Oxford comma or no?
Yes. The more commas, the better.
What’s a word you always misspell?
Weird. It breaks the rule of i before e.
SJU Writes: What kinds of writing are you doing right now?
CM: I have been doing op-ed writing and working on small pieces that are personal essays lately. I have a book that I have been working on for a long time called The Constant Dieter: A Philosopher’s Guide to Losing Weight. It has a lot of interesting things in it that come from both my scholarly life and my personal attempt to understand myself. And I have research articles, scholarly articles, that I have been working on for conferences.
SJU Writes: What’s your favorite piece of writing you have ever produced?
CM: The last piece I got published in The Inquirer, an op-ed which was about the death of my dog Stretch. For now, I would say that is my favorite piece because I wrote in that kind of state I don’t get into very often where I’m not really trying for it and what I’m going to say just comes out.
SJU Writes: Have you always enjoyed the writing process?
CM: I did not develop a love of writing until I was in my thirties. I had a hatred of writing when I was an undergraduate. I was so anxiety-ridden about working on a paper that I would really work myself into a state. For me, once I get going, it is always better. I am a perfectionist. My standards are high, too high, which can cripple a person.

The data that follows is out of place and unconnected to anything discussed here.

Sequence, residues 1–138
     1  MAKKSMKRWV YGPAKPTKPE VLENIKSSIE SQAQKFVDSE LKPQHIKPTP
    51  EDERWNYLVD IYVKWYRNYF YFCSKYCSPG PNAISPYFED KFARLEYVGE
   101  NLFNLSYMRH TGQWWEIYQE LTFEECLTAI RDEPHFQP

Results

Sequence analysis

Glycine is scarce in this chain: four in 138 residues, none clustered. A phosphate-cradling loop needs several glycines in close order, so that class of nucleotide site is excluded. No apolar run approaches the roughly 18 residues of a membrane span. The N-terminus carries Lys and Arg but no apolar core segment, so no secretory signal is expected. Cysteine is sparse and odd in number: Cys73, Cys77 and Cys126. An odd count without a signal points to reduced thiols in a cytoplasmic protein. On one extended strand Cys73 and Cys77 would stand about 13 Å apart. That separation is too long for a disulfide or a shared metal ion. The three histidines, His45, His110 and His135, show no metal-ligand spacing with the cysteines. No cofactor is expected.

SJU Writes: What advice would you give to undergraduate and graduate students embarking on their own writing journeys?
CM: This is the main advice I would give, and somebody gave it to me. I was writing a master’s thesis at the time. I was so stuck and paralyzed and terrified that I thought I couldn’t finish the degree because I couldn’t write the thing. My advisor said, ‘I am going to make a contract with you and you have to agree to this. You will write a draft of each section without any revision and then tell me how it is going.’ And it worked. So my advice to students on writing is to talk on paper. Just talk, and let it happen, and don’t criticize until later.
—Gina DeRosa ’19